[about the picture: I admire their modesty by I myself do not like the tucked in appearence of niqabs and overhead abayas and chadors with no eyes showing. To me, it is more than what was required even of the Prophet's wives---THEY showed their hands, their rings, the kohl rimmed eye, and wore colours other than black as evidenced by sahih ahadith]
ONE FASHIONISTA CONFRONTS THE VALUE OF FASHION IN ISLAM:
"Life goes on and bumps happen and marriages end and fashion matters not in the grand scheme of things. But appearance does matter. The downs of life had me thinking for a while that it didn’t. That’s where the word balance comes in - a word which is very au courant now but which has a history with Islam. My father often likes to relate a bit about the beautiful story of the bond between Salman Al-Farsi and Abu Darda’ to highlight the importance of maintaining a balance with all the spheres in our lives:
On Leading a Balanced Way of Life: The Prophet (sa) had established the bond of brotherhood between Salman and Abu Darda’ (sp). Salman went to see Abu Darda’ and found his wife looking disheveled (her appearance was not that of a married woman). He asked her: ‘What’s wrong?’ She replied: ‘Your brother, Abu Darda’ has no worldly desires.’ Then Abu Darda’ arrived and prepared some food for Salman and said: ‘Go ahead and eat, I am fasting.’ Salman said: ‘I shall not eat unless you eat with me.’ So Abu Darda’ ate with him. At night Abu Darda’ arose for the voluntary prayer. Salman told him to go to sleep, so he slept. This happened again. Towards the latter part of the night Salman said to him: ‘Wake up’ and both offered the prayer together.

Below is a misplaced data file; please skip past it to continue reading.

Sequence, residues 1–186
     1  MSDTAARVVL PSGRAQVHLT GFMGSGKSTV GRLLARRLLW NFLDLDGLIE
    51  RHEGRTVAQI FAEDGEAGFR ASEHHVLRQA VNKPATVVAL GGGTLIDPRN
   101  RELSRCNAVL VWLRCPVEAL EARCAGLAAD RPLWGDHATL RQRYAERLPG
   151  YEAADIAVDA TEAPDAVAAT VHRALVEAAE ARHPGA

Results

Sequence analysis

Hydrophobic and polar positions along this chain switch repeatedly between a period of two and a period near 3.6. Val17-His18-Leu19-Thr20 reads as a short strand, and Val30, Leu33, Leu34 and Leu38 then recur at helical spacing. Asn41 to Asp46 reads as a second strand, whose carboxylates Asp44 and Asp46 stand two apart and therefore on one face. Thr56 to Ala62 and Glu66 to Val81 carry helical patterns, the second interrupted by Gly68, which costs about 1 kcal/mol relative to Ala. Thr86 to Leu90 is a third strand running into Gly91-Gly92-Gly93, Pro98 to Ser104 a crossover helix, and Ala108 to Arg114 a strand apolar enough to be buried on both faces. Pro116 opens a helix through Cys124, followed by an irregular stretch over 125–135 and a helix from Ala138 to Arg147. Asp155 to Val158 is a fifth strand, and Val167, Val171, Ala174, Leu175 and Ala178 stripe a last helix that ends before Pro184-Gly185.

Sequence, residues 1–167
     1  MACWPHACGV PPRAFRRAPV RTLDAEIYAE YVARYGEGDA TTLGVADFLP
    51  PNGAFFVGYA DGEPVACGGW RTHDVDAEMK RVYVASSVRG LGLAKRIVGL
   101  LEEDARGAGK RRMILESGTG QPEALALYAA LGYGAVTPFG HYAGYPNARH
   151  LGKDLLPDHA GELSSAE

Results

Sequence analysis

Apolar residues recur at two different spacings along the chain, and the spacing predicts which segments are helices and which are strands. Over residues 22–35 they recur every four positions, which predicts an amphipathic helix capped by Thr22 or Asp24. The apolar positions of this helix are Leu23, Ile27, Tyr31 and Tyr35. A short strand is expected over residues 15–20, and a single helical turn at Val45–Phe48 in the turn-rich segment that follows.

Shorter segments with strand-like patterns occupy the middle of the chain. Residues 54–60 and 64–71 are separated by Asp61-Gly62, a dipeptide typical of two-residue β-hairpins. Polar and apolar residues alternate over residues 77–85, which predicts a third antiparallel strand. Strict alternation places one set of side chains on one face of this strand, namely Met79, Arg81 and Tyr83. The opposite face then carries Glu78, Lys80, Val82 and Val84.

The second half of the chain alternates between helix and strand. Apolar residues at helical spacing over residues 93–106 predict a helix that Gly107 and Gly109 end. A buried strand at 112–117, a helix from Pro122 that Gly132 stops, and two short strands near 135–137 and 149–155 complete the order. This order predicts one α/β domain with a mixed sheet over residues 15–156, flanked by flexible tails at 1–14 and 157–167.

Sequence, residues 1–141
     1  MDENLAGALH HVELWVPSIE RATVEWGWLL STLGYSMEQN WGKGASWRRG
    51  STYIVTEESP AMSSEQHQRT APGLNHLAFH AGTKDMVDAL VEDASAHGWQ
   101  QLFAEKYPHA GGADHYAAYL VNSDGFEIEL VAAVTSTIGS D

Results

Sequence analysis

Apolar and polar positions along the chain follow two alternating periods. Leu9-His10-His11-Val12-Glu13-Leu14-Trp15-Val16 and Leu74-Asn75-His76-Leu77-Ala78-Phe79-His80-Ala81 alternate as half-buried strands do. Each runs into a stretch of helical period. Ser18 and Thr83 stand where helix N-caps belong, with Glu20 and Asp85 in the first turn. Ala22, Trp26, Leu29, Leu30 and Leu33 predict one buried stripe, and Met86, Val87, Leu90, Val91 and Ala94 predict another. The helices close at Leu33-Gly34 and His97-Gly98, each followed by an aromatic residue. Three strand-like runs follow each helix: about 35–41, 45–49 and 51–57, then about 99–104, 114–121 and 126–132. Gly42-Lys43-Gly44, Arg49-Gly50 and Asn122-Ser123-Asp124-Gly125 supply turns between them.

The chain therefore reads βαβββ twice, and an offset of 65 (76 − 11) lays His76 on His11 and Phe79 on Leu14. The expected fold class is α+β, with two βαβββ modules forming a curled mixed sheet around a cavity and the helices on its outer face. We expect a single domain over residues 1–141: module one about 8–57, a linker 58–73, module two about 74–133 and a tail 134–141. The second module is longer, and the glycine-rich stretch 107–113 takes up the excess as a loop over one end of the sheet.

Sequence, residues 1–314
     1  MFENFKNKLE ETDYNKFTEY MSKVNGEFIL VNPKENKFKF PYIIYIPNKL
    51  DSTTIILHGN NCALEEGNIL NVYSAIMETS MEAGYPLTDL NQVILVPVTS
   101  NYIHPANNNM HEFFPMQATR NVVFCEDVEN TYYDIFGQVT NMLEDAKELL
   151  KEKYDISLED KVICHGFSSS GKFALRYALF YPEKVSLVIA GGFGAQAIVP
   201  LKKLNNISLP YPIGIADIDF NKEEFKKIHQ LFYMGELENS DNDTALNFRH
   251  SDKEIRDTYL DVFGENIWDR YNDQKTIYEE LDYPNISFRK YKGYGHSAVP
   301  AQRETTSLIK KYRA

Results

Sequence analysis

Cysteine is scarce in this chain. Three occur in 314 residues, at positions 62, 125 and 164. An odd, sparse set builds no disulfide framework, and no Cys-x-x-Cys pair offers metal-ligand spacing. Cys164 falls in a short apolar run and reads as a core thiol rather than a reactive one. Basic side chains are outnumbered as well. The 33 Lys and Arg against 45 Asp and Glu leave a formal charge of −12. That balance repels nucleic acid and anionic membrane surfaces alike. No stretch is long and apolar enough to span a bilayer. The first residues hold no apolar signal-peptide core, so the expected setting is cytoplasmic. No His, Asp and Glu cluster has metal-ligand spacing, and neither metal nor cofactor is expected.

Then Salman said: ‘It is true that you owe your duty to your Lord, but you also owe a duty to yourself and to your wife. So you should carry out your duty to everyone.’ Then they went to the Prophet (sa) and related all that transpired to him. He said: ‘Salman was right.’” - Bukhari
Somehow the downs of life had shifted my mind into thinking that a woman’s appearance should be un-remarkable, un-commentable to the outside world - i.e., Islamically, she should be so blah if she were really God-fearing that her blahness indicated her level of piety. Warped, I know. On discussing the issue with friends, I found out I wasn’t the only one whose mind had shifted this way. There were a whole bunch of us walking around looking like Abu-Darda’s wife yet there was no Salman Al-Farsi [who was a non-maharam male witnessing her appearence] to ask what was wrong. This is where discussions with a Dad who happens to be an Islamic scholar is handy. He patiently explained that following hijab/dressing modestly does not automatically cancel out a pleasing and agreeable, even fashionable (!) outer appearance. In fact, the Qur’an acknowledges clothing as “a thing of beauty” - but we are also reminded in the same verse that the best garment is God-consciousness (Surah 7, verse 26). What a beautiful reminder of balance! So hijabi fashionistas - look for “things of beauty” on the racks at H&M and Zara and Precious Modesty, but while you’re looking, remember to be wearing your best outfit: God-consciousness."
Please note: this little bit was taken from another sister, and my father is a non-muslim, NOT an Islamic scholar. I totally agree with the article. As long as you are obeying the commandments of hijab (modesty for both MEN and women) you can do what you like with it. Of course it is often culture that tries to pass itself off as Islam that gets us all into a little mess with suppression, or a debasement of the standards of hijab and has everyone running around all confused.